I apologize sincerely to georgesoros. Learn more of the truth about this at https: Before her apology, and while she was parrying appalled responses to her attack on Jarrett, Barr was also dueling with Chelsea Clinton, whom she said in a series of tweets was married to a nephew of George Soros.
It was not only the faith traditions that have consistently advocated for immigrants—the Catholic and mainline Protestant and Muslim and Jewish groups—but also those white evangelicals who are often key Trump supporters. It is right and good to see such a faithful outcry to injustice.
But in this moment, all faith groups must do more. They must do more than issue thoughts and prayers and statements. They must work to combat the systemic injustice still taking place—an area where evangelicals have often fallen short, even as Latinos join their churches in rapid numbers.
The Catholic Church is the primary religious home of millions of Latinos, but now 19 percent of American Latinos identify as evangelical or Pentecostal—a challenge and an invitation to these faith communities for direct action.
The reality is that the separation of immigrant families has already been taking place across the country, as ICE raids rip workers from factories and fields in Tennessee, CaliforniaIowaand Ohioamong other locations.
Children are living in paralyzing fear as they wait for their undocumented parents to come home. Parents fear being swept up as they drop children off at school. A study by the Pew Research Center shows the widespread fear of deportation that Latinos face.
Immigration critics would argue that people fail to realize the foundational issue regarding immigration is about breaking U. If it were only about laws and process.
What we are witnessing is unaccountable police action on a nationwide scale with an unlimited mandate intent on instilling fear. Undocumented workers continue to face the wretched irony of looking for and being desired for work yet confronting a legal state apparatus that puts them at jeopardy every time they drive to work.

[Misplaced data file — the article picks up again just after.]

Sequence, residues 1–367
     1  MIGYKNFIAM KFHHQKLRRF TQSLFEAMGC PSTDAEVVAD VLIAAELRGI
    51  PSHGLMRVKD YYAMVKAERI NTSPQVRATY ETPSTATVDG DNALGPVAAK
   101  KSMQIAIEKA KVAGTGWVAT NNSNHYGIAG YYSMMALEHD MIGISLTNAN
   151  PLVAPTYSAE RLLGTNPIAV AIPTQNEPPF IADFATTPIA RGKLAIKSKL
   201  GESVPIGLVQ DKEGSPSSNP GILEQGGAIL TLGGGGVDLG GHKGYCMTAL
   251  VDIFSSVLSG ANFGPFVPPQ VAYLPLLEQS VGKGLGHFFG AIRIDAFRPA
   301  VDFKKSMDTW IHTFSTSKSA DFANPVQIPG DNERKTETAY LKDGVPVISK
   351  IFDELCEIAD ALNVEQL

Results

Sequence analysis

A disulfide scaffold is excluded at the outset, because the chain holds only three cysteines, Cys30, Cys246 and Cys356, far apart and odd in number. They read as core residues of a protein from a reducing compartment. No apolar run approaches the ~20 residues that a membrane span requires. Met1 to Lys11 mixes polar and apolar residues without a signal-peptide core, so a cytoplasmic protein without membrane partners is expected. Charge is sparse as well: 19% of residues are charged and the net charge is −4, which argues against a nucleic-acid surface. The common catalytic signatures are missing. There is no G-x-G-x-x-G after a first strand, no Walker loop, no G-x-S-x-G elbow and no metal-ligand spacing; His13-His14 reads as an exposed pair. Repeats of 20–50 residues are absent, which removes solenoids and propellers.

During the early decades of the twentieth century, Mexican immigration continued unrestricted, even though Mexican people were viewed as undesirable. They were needed for a variety of industries reliant on cheap labor. The nativism of the s reverberates today when Trump describes Mexicans as rapists and criminals, parroting a historical narrative that sees immigrants as degenerate to the moral life of the U.
It is also not lost on us that when the U. Some congregations have mobilized to protect undocumented persons from deportation by offering to house them within their buildings through what is known as the sanctuary movement. Sanctuary as direct action is most prevalent in what we describe as a benefactor class of religious traditions committed to social justice for decades, but also a class that stands to lose very little in terms of social and cultural capital because the numbers of Latinos in Unitarian Universalist UUJewish, and mainline Protestant congregations is very small compared to Catholic and evangelical churches.
Evangelicals and Pentecostals, by and large, have been unmoored from any deep theological tradition of social teaching regarding immigration, never having developed a systematic response to state injustices. When set in the balance against the weighty record of Catholic and mainline Protestant public social and civil advocacy, indeed the writing on the wall spells out that evangelicals and Pentecostals are found wanting.